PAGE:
Alberta city leverages surplus IT for mobile HQ

Mobile emergency command trucks for police or fire departments have become an essential part of the fleets of large Canadian cities in recent years.

Unfortunately, for small towns they can be unaffordable, particularly if officials want the vehicles to have cellular or Internet connectivity.

But a small city north of Calgary has found a solution: Link the vehicle to the municipal wireless system.

That’s what Airdrie did when it built what it calls a multi-partner mobile command centre late last year around a former ambulance that includes a Wi-Fi hot spot for emergency responders.

The spur was an August, 2010 train derailment north of the city of 43,000 that was carrying eight cars of potentially hazardous anhydrous ammonia.

At the time, recalls Paul Hurst, the city’s network administrator, it took several days for the municipality to assemble a mobile command centre for numerous city departments to deal with the crisis – and with the financial help of local businesses.

Afterwards, “we saw a need, between the fire department and IT, for a vehicle that is ready to respond in the event of a disaster.”

The key was to use as much of the city’s surplus equipment as possible, starting with using a former ambulance. It is stocked with a computer, a video camera for recording witness statements and an 802.11 access point with a 150-foot radius for police, fire or any other emergency support staff with a portable device that can use Wi-Fi.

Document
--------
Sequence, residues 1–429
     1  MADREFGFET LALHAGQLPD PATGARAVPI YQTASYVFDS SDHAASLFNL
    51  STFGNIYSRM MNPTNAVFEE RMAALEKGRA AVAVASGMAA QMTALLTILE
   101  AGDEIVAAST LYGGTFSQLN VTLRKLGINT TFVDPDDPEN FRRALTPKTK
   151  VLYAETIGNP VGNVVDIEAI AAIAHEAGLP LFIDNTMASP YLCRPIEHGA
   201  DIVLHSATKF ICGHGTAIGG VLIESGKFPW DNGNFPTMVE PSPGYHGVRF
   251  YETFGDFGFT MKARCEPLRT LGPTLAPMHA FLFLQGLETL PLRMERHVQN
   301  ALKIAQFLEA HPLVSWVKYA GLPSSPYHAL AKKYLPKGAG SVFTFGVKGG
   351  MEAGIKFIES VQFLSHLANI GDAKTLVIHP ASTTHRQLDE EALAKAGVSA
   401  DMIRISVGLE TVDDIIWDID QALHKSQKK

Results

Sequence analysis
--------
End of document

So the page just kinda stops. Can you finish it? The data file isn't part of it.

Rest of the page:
Hurst said he didn’t have permission to name the manufacturer — although he did say there’s some amusement that an access point that looks like a fire detector is being used in a former fire department vehicle.

The access point connects through a crossover to a device from ESTeem Wireless Modems to the municipal 2.4 GHz wireless network for communicating to municipal and fire officials.

Through an Astaro Security Gateway, there’s also remote connectivity to the Internet. Astaro GmbH is owned by security vendor Sophos Ltd.

 “That allows us to filter malware, antivirus is in there as well as content filtering, Hurst said. “We’re able to reduce the amount of advertising and content that would maybe slow down what users were accessing.”

The advantage of using the municipal network rather than a cellular connection is there are no data fees, Hurst said, yet security is still there. That was a weakness in mobile command vehicles assembled by other municipalities that were studied.

“We didn’t see a lot of municipalities do it the way we did it, he said.

By using equipment on hand, Hurst estimates the city saved $3,000 – not including the former ambulance.

When not being used for emergencies, the command vehicle is used daily to support community service and safety inspection duties.

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Howard Solomon
Howard Solomon
Currently a freelance writer, I'm the former editor of and Computing Canada. An IT journalist since 1997, I've written for several of ITWC's sister publications including and Computer Dealer News. Before that I was a staff reporter at the Calgary Herald and the Brampton (Ont.) Daily Times. I can be reached at hsolomon [@]

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